Article by Joseph Walker, UNAPEN, Inc.
“There’s No Such Thing as a Free Lunch”
Two of my favorite authors (Robert Heinlein and Milton Friedman) had much to do with the popularization of this phrase before economists and press started using it regularly. Initial credit really goes to Rudyard Kipling, who described the offer of free lunches linked to paid drinks in San Francisco saloons as far back as 1891. Most of us have traditionally thought of the free lunch concept in the context of economics and some measure of common sense. Despite our worldly distrust of things that look too good to be true or can’t possibly be sustainable as free giveaways, we’ve been on a modern day binge that would make Kipling cringe.
Everywhere but Apple
With the possible exception of the Apple ecosystem of iTunes junkies who’ve been classically conditioned to pay for what they consume, we’ve steadily built an online economy that presupposes free stuff. Yes, we still have to pay our local telco or cable provider for an on-ramp to the super highway of free, but that’s it for many, at least here in the US. Software, cloud storage, document conversion, reference materials, comparison shopping – it’s all free for the taking. We’ve gobbled it up only occasionally lifting our heads from the banquet table when something goes wrong. But even with warnings and mishaps we keep returning because for most of us, free is just too good to pass up.
FCC opens the Pandora’s Box
Lately we’ve finally been awakened to the fact that our free lunch is financed by one of our most fundamental rights – the right to privacy. The only way the Internet can continue to serve up vast quantities of content and services at no charge is to collect data, and lots of it. It’s no longer a secret that this is happening, and most people seem to be okay with it. I mean, really, does it matter since it’s anonymous metadata, usually not associated with me, and it’s not like they have my name, address and phone number – right? If that wasn’t the case before, it most certainly can happen much more easily in the near future. The FCC’s most recent decisions on ISP data rights and responsibilities change this whole ball game. At the risk of pointing out the obvious, I’d like to emphatically state that there’s nothing you do online that your upstream provider (ISP) does not see.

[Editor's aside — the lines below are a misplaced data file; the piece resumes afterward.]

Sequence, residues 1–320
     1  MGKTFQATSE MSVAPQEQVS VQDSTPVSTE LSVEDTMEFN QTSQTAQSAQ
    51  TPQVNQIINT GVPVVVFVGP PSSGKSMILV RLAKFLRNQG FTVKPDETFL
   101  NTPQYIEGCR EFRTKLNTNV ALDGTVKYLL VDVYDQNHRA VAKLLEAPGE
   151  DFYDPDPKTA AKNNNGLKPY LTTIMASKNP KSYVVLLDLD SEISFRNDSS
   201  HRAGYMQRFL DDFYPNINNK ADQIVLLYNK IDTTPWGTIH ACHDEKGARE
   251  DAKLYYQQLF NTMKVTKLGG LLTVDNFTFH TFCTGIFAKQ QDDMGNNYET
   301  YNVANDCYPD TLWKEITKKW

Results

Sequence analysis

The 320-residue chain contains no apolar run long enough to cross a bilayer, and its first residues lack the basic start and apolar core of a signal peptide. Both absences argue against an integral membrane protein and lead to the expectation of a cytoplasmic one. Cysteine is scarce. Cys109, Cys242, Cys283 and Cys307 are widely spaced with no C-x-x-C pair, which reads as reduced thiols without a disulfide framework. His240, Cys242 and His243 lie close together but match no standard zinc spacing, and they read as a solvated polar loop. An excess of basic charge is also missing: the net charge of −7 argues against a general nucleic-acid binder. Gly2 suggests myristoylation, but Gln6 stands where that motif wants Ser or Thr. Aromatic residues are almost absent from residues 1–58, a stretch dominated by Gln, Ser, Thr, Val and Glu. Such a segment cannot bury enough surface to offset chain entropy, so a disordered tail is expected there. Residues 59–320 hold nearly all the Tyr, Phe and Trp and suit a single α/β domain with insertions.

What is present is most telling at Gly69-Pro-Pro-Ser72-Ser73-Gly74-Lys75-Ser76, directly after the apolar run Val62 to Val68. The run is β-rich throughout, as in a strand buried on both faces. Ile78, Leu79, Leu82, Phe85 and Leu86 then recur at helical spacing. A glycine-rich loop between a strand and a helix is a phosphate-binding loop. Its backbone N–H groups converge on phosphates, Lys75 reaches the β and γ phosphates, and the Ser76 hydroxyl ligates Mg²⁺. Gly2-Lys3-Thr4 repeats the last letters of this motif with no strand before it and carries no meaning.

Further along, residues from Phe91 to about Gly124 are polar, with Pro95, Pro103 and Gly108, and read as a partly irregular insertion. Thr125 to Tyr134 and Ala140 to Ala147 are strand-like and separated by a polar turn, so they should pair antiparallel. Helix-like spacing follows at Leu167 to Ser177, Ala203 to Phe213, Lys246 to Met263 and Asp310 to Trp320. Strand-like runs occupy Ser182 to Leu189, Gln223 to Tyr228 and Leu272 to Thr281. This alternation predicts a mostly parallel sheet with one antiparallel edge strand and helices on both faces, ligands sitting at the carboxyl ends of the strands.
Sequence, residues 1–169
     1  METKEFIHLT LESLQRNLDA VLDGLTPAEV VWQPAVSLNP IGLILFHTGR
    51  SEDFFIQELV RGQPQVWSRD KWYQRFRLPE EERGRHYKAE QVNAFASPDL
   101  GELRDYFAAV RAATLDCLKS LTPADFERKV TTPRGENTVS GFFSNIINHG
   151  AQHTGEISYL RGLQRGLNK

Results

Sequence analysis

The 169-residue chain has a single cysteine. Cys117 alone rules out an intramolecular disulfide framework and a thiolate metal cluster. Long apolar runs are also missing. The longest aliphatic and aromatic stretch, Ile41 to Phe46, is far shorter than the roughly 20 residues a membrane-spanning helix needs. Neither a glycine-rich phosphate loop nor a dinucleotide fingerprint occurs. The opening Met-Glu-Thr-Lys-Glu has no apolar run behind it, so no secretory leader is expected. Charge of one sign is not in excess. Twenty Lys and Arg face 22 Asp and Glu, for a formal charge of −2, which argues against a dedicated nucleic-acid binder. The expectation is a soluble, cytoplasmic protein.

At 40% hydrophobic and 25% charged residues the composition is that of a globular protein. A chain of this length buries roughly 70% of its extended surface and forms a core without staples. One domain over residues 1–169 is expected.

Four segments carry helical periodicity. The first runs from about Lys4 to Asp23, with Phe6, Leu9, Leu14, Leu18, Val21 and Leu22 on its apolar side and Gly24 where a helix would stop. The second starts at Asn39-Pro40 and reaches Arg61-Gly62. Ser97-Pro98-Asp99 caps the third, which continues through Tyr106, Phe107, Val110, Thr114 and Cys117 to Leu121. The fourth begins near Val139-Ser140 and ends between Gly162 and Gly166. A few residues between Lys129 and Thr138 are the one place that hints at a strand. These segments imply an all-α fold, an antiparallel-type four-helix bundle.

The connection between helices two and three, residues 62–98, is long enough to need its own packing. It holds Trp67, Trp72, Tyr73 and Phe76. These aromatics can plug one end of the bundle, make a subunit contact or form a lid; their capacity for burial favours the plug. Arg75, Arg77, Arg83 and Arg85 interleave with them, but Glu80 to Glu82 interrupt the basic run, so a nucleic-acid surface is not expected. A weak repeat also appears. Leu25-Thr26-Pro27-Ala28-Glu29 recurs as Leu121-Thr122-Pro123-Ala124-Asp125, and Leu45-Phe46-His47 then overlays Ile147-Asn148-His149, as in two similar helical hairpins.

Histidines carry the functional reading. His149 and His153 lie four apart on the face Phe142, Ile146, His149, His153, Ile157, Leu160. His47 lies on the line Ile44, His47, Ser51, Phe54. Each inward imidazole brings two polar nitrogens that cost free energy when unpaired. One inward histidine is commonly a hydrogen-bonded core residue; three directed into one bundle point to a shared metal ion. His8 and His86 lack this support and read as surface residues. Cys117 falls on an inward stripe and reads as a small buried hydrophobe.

How Much Will Privacy Cost My Bank?
Let’s step away from the personal privacy aspects of this, because there are many people and watchdog organizations like the Electronic Frontier Foundation that have always, and will continue to advocate on behalf of individuals and their rights to privacy. Instead, consider the stakes for the Financial Services community with its vast storehouses of highly sensitive personal information, its unquenchable thirst for data and its endless streams of transactional activity. I’m not for a minute suggesting that our ISPs will start to sell access to this information – that would be criminal and offenders would be punished both legally and economically as their clients left in droves. A far more likely scenario is that secure, private and encrypted transport services will become a new revenue source for a mature telecommunications industry that has seen bandwidth become a commodity item and brand loyalty evaporate.
No Safe Harbor – Stormy Seas of Social Media
At one point Facebook was a simple, fast and uncomplicated site where posts went up on a wall and connections happened rather organically. The Facebook platform of 2017 bears little resemblance to that fledgling service that the world has flocked to since 2010. Facebook has changed in a way far more intrusive than advertising, it’s become a social engineering launchpad. Companies like Cambridge Analytica could not achieve the type of “psychographic analysis” they claim without the vast quantity of data points that Facebook users in particular provide so willingly. Part of the reason why we see more and more effective methods of “Spear Phishing” as the basis for a socially-engineering hacking effort, is that there’s so much information out there for people to scoop up. For those who feel secure in their privacy settings and secure circle of friends and family on Facebook, let’s think for a minute about the type of detailed information that can be found on your LinkedIn profile. Combine that with some high quality search bots to scoop up content associated with you, your alma matter and your previous employers and I think someone could put together a pretty comprehensive profile with very little effort.
A Great Compromise on the horizon?
The Good News and the Bad News is that many people in the data management business recognize the inherent risks and need to balance the economics of monetization with privacy concerns. That statement should indicate to you that there can and will be tradeoffs as we move forward. As both individuals and as professionals, we need to consider the economics of free, while we make some very consequential decisions about how we will monetize our own privacy and that of others that rely upon us as providers of goods and services.
In my next installment, we’ll take a look at some interesting data on Cybersecurity from people I know who fight the bad guys in both the public and private sector, then talk about the online lives of Millennials.